Program in Global Oncology
D43 Training Grant
Left to right: Dr. Noleb Mugisha, a medical officer at the Uganda Cancer Institute; Dr. Jackson Orem, director of the UCI and co-director of the UCI/Hutchinson Center Cancer Alliance; Banks Warden, executive director of the Vaccine and Infectious Disease Division at Fred Hutch; and Dr. Corey Casper, co-director of the UCI/Hutchinson Center Cancer Alliance, all tour the Uganda Cancer Institute. (Photo by Erica Sessle, UCI/Hutchinson Center Cancer Alliance)
To strengthen research capacity in HIV-associated malignancies in sub-Saharan Africa.
To build multidisciplinary research teams of African investigators, including physicians, other clinical scientists, basic research scientists, epidemiologists, pathologists, data managers and other required personnel. It is anticipated that the creation of these teams will strategically enhance the capacity for innovative research in HIV-associated malignancies at institutions in Africa.
Training programs will allow African teams of scientists to become fully efficient and productive as partners with investigators from developed countries in future research endeavors oriented on HIV-associated malignancies in sub-Saharan Africa.
The graphic details the number of health workers trained through the National Institutes of Health training grant.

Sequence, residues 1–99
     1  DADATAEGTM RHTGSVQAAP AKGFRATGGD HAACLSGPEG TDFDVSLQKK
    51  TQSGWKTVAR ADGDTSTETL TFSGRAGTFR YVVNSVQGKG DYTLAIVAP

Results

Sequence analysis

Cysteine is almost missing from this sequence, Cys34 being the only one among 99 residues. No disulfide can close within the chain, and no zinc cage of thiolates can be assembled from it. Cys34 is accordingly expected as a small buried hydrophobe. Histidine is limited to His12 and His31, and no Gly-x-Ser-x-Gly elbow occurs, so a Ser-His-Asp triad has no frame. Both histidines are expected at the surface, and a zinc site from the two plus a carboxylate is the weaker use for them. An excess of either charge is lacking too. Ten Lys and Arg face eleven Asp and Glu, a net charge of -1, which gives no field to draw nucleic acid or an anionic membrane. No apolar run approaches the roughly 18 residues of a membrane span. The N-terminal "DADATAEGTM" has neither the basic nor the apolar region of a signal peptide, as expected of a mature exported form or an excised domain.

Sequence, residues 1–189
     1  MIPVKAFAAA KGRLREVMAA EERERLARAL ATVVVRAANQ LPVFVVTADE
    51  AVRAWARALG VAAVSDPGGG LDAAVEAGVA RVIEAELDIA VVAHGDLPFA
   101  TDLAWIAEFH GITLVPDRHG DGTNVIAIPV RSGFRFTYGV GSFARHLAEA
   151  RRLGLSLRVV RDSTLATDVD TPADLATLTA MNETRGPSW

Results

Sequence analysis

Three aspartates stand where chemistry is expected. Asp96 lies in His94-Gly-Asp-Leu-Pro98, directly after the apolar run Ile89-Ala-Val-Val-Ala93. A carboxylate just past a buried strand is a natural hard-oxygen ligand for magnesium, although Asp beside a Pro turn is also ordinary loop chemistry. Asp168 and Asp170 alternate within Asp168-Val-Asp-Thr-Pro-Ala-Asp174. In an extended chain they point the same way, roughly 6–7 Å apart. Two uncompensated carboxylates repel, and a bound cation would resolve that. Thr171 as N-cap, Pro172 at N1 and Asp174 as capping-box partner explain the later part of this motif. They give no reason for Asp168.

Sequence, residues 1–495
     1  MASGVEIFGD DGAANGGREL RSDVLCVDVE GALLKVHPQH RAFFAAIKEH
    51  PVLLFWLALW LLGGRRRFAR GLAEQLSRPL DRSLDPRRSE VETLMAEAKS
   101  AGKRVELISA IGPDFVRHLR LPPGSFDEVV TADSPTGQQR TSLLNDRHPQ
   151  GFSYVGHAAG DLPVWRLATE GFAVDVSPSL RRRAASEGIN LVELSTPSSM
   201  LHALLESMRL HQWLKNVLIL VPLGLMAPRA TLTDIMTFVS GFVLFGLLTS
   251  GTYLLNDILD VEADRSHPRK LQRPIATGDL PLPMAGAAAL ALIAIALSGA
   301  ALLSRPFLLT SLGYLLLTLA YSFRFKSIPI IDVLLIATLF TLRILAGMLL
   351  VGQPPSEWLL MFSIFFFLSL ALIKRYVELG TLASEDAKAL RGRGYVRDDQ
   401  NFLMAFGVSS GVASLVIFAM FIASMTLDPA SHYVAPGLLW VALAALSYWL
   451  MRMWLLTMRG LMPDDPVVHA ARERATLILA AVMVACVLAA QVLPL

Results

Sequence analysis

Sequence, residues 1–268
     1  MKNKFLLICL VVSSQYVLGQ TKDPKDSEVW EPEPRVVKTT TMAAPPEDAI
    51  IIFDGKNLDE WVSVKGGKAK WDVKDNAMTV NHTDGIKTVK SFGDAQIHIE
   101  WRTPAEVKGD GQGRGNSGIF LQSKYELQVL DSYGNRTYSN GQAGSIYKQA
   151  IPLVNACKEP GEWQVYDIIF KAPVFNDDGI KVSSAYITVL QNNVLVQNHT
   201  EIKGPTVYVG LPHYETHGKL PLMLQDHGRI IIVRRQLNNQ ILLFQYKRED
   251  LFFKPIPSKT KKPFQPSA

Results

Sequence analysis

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This grant is an extension of our current successful training program which has trained a total of four Ugandan physician-scientists in Seattle over the past three years, but has significant differences. First, we proposed to build research teams, comprised of four research leaders who will matriculate with Ph.D.s from the University of Washington and Makerere University, six research managers, and 46 research implementers. Second, the training is divided into three lengths: long-term (three year) training for the research leaders both in Seattle and Uganda, medium-term training (six months-2 years) for the research managers, and short-term (2-3 weeks) training for research implementers through a series of eight module courses to be taught in Kampala continuously over three years. And finally, the majority of the training will occur in Kampala.